You’re welcome to check out this whole conversation for yourself, as I will leave a link at the end of all of this (I had to get sassy with a couple of people trying to fuel this very unnecessary fire, so please excuse that).

Here’s the link: https://twitter.com/themackenzilee/status/1115269391111921665

Also, I will admit, I made a slight mistake . . .

. . . it’s actually $14.99.

P.S.

P.S.S.

This one’s a bonus, just for fun! She didn’t tweet this directly @ me, but it’s neat, so I thought I’d share:

Now, whoever Mel is talking about I am sure is, in fact, an “entitled little asshole,” and I’m sure Mel did all of her research before deciding to bring hate speech into things. Since Mel must have forgotten to tag the person she was talking about, I decided to help her out:

Thank you, Mel . . .


I would really like to get your opinion on this! Let’s chat in the comments!

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SO YOU’VE BEEN PUBLICLY SHAMED by Jon Ronson (Review)

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I’m going to go ahead and admit that this has been sitting on my nightstand, half-read, for awhile now. Also, this is a non-fiction book, so it will be judged under slightly different criteria which can be found here.

Jon Ronson’s So You’ve Been Publicly Shamed delves into the deep and utterly terrifying world of how someone’s life can be changed in a matter of hours over internet shaming. Ronson takes us through the process of internet and social shaming, as well as trying to shake the shame, by bringing in actual victims. Will society ever learn?

(Note: This is not in-review of the section entitled “Afterword” included in the paperback version, as it was not included in the original, hardcover version.)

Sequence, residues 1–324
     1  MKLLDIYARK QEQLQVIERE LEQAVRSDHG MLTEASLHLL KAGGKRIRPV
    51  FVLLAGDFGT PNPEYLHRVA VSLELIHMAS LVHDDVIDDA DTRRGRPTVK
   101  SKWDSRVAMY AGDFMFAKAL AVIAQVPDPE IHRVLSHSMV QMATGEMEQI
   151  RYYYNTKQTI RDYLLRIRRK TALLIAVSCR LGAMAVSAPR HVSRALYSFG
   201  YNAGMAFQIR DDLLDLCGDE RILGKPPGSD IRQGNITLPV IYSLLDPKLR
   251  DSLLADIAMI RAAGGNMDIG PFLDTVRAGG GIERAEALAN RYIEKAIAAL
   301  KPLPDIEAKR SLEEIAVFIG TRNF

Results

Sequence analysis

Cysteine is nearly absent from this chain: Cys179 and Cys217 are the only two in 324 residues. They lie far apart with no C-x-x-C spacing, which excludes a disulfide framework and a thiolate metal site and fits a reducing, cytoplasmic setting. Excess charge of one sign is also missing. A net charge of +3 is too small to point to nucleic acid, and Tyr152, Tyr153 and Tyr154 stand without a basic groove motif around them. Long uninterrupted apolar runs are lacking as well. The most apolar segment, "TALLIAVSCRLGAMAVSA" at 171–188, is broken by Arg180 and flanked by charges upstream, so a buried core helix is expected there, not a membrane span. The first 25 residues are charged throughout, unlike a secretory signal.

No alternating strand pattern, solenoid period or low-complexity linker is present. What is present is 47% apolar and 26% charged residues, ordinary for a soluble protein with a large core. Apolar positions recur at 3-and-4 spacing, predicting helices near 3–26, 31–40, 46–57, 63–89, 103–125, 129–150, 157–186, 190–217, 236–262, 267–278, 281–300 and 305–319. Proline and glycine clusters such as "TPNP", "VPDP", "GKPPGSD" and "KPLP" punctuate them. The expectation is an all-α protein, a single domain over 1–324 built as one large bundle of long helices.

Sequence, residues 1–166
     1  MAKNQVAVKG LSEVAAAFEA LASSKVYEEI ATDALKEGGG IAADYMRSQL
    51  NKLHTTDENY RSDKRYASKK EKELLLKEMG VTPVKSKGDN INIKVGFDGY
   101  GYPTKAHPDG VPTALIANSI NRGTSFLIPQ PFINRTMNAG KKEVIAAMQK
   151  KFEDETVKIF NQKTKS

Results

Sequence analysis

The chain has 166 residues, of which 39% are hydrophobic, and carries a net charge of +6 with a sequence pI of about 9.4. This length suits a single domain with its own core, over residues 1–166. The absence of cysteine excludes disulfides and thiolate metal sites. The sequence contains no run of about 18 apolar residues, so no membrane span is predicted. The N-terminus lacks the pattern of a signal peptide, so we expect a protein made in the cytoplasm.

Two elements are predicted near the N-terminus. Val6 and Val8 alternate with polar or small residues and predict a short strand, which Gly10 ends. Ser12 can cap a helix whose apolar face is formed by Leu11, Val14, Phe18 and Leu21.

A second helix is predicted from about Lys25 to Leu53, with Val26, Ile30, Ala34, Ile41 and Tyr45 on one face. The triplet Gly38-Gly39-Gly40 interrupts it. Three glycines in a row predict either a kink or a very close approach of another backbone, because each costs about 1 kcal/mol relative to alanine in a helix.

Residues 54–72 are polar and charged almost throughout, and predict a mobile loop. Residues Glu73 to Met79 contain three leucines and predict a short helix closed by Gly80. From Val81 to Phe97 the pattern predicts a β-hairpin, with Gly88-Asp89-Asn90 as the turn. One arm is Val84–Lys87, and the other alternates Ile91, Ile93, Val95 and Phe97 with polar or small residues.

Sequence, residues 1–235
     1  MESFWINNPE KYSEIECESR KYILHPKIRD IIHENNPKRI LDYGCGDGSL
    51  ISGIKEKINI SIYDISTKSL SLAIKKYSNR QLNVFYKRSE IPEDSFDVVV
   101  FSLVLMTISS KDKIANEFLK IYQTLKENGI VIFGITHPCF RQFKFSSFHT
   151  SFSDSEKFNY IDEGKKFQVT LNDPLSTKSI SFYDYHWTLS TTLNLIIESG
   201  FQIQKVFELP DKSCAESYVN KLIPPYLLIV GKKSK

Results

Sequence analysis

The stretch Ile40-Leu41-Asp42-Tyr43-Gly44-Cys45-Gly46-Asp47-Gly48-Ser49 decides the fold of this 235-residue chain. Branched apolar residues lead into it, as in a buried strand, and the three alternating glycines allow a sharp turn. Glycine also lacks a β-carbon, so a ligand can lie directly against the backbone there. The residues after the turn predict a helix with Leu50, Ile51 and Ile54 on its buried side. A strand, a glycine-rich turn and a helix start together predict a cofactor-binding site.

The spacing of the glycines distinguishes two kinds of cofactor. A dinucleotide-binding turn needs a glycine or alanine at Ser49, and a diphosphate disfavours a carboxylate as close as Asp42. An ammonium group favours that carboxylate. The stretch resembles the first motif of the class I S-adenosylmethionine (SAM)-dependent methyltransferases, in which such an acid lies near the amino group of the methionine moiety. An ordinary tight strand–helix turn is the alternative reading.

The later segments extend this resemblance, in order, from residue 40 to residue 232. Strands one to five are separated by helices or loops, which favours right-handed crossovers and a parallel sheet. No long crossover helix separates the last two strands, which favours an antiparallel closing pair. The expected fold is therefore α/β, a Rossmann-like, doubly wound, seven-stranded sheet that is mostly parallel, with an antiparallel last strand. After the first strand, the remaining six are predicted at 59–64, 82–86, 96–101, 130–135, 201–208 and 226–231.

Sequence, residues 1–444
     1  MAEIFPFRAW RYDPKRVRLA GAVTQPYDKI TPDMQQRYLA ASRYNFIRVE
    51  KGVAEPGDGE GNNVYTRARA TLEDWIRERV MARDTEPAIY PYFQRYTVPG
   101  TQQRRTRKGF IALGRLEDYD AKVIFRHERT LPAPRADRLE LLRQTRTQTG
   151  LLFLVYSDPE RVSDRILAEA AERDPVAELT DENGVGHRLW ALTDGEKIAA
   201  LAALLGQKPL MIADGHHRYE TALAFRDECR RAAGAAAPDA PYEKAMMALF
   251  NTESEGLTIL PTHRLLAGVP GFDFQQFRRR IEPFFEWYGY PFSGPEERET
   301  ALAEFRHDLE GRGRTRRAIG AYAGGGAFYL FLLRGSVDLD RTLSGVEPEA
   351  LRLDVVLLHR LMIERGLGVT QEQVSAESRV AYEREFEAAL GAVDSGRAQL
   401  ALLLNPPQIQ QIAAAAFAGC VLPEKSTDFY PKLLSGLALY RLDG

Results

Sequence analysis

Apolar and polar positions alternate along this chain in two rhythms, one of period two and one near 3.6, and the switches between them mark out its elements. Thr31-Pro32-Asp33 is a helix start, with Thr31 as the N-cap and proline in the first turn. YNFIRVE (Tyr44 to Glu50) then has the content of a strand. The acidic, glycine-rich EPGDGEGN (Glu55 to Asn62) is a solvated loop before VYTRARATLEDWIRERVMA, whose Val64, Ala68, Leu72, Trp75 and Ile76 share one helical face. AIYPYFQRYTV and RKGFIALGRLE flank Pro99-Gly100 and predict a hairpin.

Basic Thoughts

Oh boy, this is a juicy read!

I originally found this through the recommendation of Ariel Bissett. I mean, how intriguing? A book describing numerous public shammings and society’s role in keeping those shammings prevalent today. How one tweet, or comment, can ruin your life.

So, I bought it. And boy does it hook you with those shamming stories fast, and boy does it draw you in. Ronson does a fantastic job at keeping the reader interested in the topic, if they weren’t already, by giving you real interviews of these people who have shammed – showing the reader what it’s like and the impact society’s backlash has on people. And, boy is it powerful.

It really gets you to thinking about the next time you go out to tweet something.

Pros:

  • Interesting and relevant subject matter
  • Raw interviews
  • The author really doesn’t care what people think about his opinion

Cons:

  • I felt it dragged in some places, like, say, when you’re trying to reach a certain word count in an essay and you repeat what you’ve said numerous times.
  • I sometimes felt he would jump around with names of people he had talked about previously in the book, and I would have to be like, “Wait, what did they do, again?”

Overall View:

I hardly ever read non-fiction, and this book is a pleasant change. It’s interesting and it’s relevant.

Would I have rather been reading fiction? Yes. But, not because the book was poorly written, just because I like fiction better; I can get lost in it. However, if you are a fiction reader, like I am, and want to read your one non-fiction for the year, I highly recommend this one, as it touches on a topic extremely relevant in today’s society.

Final Rating:

Readability: 3.5/5

Credibility: 5.0 / 5.0

Overall Interest Factor: 3.5 / 5.0

FINAL RATING: 4.0 / 5.0

 

Final Thoughts:

Like I said, if you’re looking to read that one non-fiction for the year, than this is one I would highly recommend. As a matter of fact, you can purchase it here.

But, do keep in mind that this is just the honest opinion of an English Major.

Best,

Daniel xx